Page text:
Tuesday, December 20, 2005

Test Drive: Google Homepage API Boosts Content "Widgets" War

What's a "widget"? It's a digital module of computer program code and content that acts like an independent object within a given set of technologies. When the technologies of choice for widgets are based on the popular open standards for HTML, XML and JavaScript then it becomes easy to build popular widgets that can deliver sophisticated content services in standard Web browser environments without a lot of other technology getting in the way. This pretty much describes the widgets available through the new Google Homepage API, a new toolkit that allows anyone to develop interactive content that can be embedded on a user's personalized Google homepage. Yahoo also has a JavaScript-based Widget application, but unlike Google's it is a kit that allows very slickly designed graphic tools to be integrated into a desktop via a software download: they're not browser-based and therefore separate from a user's MyYahoo home page.

While Yahoo gets the nod in terms of the visual sophistication of their tools and the breadth of widgets already built, Google is much closer in its browser-based approach to bringing useful content-serving applications into the environment in which most people consume content. This makes it far more likely that the Google approach will yield valuable content-oriented widgets. The widgets available through the Google Homepage API also benefit from the easy-to-use Google Homepage itself, in which headlines and other sources can be rearranged easily on the page with drag-and-drop clicks of a mouse. By comparison the MyYahoo home page requires more awkward rearrangement of page elements.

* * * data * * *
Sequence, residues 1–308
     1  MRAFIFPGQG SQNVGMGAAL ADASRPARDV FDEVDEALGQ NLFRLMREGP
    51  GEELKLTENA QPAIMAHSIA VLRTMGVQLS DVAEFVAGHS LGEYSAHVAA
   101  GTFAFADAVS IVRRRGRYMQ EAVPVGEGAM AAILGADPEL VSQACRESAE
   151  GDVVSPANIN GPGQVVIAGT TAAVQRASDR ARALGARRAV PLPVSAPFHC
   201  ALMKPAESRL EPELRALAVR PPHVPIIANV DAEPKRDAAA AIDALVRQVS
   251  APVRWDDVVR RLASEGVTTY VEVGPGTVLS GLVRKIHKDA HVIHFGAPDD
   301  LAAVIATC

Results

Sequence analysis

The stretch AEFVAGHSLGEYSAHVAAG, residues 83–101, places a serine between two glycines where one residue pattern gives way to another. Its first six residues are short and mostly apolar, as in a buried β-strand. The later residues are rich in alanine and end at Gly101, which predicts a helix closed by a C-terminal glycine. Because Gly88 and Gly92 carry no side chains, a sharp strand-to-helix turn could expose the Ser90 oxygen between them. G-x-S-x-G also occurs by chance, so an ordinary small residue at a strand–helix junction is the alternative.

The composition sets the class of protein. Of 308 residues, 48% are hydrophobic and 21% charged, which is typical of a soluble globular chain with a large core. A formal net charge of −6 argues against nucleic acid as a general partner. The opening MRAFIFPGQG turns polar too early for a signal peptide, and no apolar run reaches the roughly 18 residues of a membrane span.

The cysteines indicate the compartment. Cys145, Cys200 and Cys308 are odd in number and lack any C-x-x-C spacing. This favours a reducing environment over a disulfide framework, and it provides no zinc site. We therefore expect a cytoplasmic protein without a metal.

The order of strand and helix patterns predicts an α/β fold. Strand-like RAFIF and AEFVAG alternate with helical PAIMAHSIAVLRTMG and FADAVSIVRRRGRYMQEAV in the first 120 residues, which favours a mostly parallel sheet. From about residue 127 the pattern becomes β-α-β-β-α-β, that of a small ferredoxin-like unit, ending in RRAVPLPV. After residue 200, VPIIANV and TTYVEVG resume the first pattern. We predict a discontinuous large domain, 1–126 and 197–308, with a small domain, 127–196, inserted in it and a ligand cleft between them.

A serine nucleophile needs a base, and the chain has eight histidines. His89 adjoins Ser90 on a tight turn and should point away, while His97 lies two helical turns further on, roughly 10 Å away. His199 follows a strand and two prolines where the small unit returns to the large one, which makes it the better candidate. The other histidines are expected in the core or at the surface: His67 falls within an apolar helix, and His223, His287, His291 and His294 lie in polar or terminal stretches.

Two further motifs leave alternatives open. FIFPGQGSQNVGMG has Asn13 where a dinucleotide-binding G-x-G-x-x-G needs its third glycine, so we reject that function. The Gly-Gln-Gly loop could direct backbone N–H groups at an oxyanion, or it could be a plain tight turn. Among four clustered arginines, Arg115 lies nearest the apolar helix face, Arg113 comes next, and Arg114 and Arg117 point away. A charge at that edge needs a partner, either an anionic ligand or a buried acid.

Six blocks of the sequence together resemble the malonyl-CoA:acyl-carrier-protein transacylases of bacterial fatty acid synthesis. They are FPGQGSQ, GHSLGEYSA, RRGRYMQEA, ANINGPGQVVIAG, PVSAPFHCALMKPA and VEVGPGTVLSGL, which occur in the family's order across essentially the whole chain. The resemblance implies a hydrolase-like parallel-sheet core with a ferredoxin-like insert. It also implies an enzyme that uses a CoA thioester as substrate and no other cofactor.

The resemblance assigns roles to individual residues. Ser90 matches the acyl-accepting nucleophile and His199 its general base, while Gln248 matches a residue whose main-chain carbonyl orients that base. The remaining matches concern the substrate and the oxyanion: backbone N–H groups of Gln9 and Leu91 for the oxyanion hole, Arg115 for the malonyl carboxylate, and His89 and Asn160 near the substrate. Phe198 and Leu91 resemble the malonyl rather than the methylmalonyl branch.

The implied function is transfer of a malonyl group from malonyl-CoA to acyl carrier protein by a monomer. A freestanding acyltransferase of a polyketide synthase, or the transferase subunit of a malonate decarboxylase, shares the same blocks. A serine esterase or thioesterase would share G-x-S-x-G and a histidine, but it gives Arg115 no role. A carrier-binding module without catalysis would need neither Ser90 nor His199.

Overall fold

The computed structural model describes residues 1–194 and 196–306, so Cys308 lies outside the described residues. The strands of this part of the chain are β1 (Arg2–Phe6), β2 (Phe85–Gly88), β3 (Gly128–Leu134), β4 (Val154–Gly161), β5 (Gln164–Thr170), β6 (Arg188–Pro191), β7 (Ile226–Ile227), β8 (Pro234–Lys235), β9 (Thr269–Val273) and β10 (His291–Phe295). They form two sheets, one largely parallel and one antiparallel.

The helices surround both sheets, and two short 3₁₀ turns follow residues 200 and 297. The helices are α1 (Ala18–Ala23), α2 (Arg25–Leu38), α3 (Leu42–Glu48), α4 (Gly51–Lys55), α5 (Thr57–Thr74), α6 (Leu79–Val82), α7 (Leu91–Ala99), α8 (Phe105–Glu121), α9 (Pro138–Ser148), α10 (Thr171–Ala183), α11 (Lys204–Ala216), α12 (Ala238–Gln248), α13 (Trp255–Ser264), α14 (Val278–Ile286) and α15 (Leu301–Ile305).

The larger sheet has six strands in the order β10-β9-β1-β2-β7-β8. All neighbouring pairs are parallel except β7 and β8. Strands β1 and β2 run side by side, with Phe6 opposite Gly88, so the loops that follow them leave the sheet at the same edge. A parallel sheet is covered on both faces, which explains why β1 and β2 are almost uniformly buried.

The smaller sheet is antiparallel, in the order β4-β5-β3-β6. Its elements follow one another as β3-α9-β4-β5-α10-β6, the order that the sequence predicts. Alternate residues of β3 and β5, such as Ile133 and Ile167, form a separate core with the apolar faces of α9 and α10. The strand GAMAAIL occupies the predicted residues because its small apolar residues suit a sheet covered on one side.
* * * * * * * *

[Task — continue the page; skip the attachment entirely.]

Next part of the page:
This all adds up to a very prominent message to content producers that the aggregation of content is beginning to take on new dynamics via the development of widgets. Instead of trying to bring users to portals of a publisher's design publishers need to recognize that more and more content is being consumed in other portal environments, including the intranet portals of businesses and institutions. Via tools such as Google's widgets it becomes possible to maintain a personalized relationship with a user via a portal-embedded content delivery tool, enabling both information and technology services to be combined easily in an environment that users are drawn to on a regular basis.

Unlike widgets developed for enterprise portals, though, the Google API opens up the possibility of widgets that do not require any institutional infrastructure: widgets can begin to have a life of their own, becoming digital content objects in and of themselves. There will be the usual little tools, toys and mashups developed for the Google Homepage API, but content providers would do themselves a favor by looking at this environment carefully and considering how they can create highly functional digital outposts on a major portal that can integrate in with a user's other favorite content and work tools. At the same time portal software developers would do themselves a favor by considering how easily imported widgets can allow users to assemble content-enabled digital objects in any environment a user desires. These are simple beginnings for online widgets, but harbingers of a major trend in content development.
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